Contributors to this page are: CIAT, Colombia (Maritza Cuervo, Cesar Medina, Jose Luis Ramirez, Socorro Balcazar, Josefina Martinez, Daniel Debouck); ILRI, Ethiopia (Jean Hanson, Janice Proud, Juvy Cantrell); ICARDA, Syria (Siham Asaad).
Stem and bulb nematode infection
Ditylenchus dipsaci (Kühn) Filipjev
A major pest in temperate climates and high-altitude regions of the tropics and subtropics.
Plants become distorted and stunted; infected tissues are spongy; damage can predispose plants to other problems.
Field shows irregular areas of sparse growth.
Clover and alfalfa show reduction of internode length and swollen stems.
More than 400 host plants have been described for D. dipsaci. The species is subdivided in races. The Allium race also attacks oats, sugar beet, Swiss chard, spinach and legumes (fababean, bean, pea, soybean).
Medicago sativa, Glycine max, Trifolium spp.
Cosmopolitan, except tropical lowlands; temperate regions where it is one of the most devastating plant parasites; USA.
Biology and transmission
The nematode is carred inside the seed, and it is a seed and soil borne nematode.
Nematode is a migratory endoparasite. At the beginning of the crop season, 4th-stage juvenile enters young tissues, especially seedlings when below the soil surface. Feeding breaks down middle lamellae; nematode probably secretes a pectinase enzyme; plant parts become ‘crisp’ and are easily broken. Migration on plant parts above ground requires free water, and may occur after rain or sprinkler irrigation. Nematode enters through stomata or by direct penetration.
Cardinal temperatures for nematode activity and infection are 10oC – 22oC -30oC. In soil, they survive as fourth stage larvae at temperatures not exceeding 35oC.
Infestation occurs readily in heavier soils and during times of high rainfall or in sprinkler-irrigated areas.
Nematode is spread around field by equipment, irrigation; spreads readily in tail water.
Predisposes alfalfa to Phytophthora megasperma.
- At CIAT: No significant importance
- At ICARDA:, Nematode extraction
References and further references
Diekmann M. 1997. FAO/IBPGR Technical guidelines for the safe movement of Germplasm. No. 18. Allium spp. Food and Agriculture Organization of the United Nations, Rome/International Plant Genetic Resources Institute, Rome.
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Root-knot nematode infestation
Root knot nematode infestation includes wilting, loss of vigor, yellowing and other symptoms similar to a lack of water or nutrients. Plants often wilt during the hottest part of the day, even with adequate soil moisture, and leaves may turn yellow. Fewer and smaller leaves and fruits are produced, and plants heavily infested early in the season may die.
Root knot nematodes usually cause distinctive swellings, called galls, on the roots of affected plants. Infestations of these nematodes are fairly easy to recognize by digging up a few plants with symptoms, washing or gently tapping the soil from the roots, examining the roots for galls. The nematodes feed and develop within the galls, which may grow to as large as 1 inch in diameter on some plants but are usually much smaller. The water- and nutrient-conducting abilities of the roots are damaged by the formation of the galls. Galls may crack or split open, especially on the roots of vegetable plants, allowing the entry of soil-borne, disease-causing microorganisms.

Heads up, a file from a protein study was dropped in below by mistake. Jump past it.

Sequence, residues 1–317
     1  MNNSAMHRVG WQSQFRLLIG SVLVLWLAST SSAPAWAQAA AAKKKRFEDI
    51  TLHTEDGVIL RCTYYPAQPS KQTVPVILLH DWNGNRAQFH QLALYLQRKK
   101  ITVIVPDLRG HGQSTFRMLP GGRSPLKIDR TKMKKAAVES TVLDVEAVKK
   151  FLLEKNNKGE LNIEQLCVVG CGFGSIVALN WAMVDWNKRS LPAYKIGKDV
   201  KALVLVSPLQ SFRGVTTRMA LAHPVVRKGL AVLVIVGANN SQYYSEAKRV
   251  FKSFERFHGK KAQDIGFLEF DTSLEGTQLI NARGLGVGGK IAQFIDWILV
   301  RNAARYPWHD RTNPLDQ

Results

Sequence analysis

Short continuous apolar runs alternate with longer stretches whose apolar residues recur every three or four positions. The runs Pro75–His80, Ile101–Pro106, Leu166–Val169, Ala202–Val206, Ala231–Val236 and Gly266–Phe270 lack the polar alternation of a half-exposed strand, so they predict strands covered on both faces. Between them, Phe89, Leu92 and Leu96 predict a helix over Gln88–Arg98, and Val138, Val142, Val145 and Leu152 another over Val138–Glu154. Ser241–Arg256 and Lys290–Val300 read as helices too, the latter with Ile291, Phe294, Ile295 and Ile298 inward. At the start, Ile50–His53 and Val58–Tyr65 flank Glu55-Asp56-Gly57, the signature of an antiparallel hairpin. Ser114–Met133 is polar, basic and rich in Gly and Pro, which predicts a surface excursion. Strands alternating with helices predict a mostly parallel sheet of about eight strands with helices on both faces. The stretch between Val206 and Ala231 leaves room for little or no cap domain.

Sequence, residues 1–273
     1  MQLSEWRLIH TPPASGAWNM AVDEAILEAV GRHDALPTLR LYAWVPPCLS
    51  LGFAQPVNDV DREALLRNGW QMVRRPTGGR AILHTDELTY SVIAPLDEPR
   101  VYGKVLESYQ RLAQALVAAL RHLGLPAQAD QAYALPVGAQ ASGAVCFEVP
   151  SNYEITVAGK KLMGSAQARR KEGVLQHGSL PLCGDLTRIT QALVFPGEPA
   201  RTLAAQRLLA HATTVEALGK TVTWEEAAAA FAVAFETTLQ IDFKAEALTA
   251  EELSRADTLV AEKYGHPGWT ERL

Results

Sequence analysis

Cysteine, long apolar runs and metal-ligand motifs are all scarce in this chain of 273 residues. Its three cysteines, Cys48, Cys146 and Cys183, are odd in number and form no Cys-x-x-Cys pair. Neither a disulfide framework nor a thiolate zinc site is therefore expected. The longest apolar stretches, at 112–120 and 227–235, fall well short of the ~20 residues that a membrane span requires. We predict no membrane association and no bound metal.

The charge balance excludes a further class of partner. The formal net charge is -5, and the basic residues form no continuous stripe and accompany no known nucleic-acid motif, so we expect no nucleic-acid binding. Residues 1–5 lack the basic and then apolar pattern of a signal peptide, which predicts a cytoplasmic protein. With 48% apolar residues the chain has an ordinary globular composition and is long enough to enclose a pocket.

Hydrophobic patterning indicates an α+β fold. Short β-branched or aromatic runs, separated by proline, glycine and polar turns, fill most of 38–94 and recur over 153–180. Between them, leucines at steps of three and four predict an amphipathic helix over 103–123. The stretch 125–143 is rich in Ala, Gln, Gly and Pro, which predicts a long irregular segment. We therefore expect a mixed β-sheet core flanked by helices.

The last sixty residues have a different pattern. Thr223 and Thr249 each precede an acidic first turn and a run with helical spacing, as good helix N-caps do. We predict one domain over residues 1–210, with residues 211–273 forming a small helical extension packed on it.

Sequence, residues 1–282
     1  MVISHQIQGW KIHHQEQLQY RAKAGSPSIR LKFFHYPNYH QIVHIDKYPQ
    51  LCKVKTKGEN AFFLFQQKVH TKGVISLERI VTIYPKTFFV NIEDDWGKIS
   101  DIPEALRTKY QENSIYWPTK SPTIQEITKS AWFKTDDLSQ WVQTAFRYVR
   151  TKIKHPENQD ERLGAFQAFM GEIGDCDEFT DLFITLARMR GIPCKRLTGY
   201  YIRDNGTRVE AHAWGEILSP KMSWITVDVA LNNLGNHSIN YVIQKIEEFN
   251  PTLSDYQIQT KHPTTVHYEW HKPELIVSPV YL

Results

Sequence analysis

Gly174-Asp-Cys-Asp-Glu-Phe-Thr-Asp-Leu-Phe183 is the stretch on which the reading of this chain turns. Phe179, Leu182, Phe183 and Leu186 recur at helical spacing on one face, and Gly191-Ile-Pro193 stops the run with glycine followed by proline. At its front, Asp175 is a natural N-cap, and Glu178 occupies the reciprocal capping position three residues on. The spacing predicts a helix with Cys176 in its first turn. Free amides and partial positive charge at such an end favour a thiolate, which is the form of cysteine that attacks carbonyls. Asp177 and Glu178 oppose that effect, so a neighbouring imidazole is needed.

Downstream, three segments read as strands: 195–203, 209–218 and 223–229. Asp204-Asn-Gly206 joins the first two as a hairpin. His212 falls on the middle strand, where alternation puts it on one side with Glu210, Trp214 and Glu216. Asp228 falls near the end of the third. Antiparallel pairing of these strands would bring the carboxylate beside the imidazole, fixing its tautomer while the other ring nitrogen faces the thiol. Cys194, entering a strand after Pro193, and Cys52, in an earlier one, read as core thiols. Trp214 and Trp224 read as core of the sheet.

Root knot nematode galls are true swellings and cannot be rubbed off the roots, as can the beneficial nitrogen-fixing nodules on the roots of legumes.
Root knot nematodes have a broad host range of more than 200 reported plants.
As a genus, they are reported as parasites of over 3000 host plants, and individual species often have a wide host range. Some 874 crop species act as hosts of the 7 or 8 species commonly occurring in the western U.S.
Southeast Asia, South America, USA
Biology and transmission
The root-knot nematodes (Meloidogyne spp.) form easily recognized galls on the roots. Galls result from growth of plant tissues around juvenile nematodes which feed near the centre of the root. Root-knot gall tissue is firm without a hollow centre, and is an integral part of the root; removing a root-knot gall from a root tears root tissue.
They are difficult to control and can be spread easily from garden to garden in soil (for example, on tools, boots, etc.) and plant parts.
Certain marigolds (Tagetes) suppress root knot nematodes. The effect of marigolds is greatest when they are grown as a solid planting for an entire season. When grown along with annual vegetables or under trees or vines (intercropping), nematode control is usually not very good. As with other cultural control methods, nematode populations will rapidly increase as soon as susceptible crops are grown.
Root knot nematodes may feed on the roots of grasses and certain legumes without causing galling.
Damage is most serious in warm, irrigated, sandy soils.
- At CIAT: Visualization in Stereomicroscopy and Microscopy
Procedure followed at the center in case of positive test
- Species rotation in regeneration fields.
References and further reading
Frison EA, Bos L, Hamilton RI, Mathur SB, Taylor JD. (eds). 1990. FAO/IBPGR Technical Guidelines for the Safe Movement of Legume Germplasm. Food and Agriculture Organization of the United Nations, Rome/International Board for Plant Genetic Resources, Rome.
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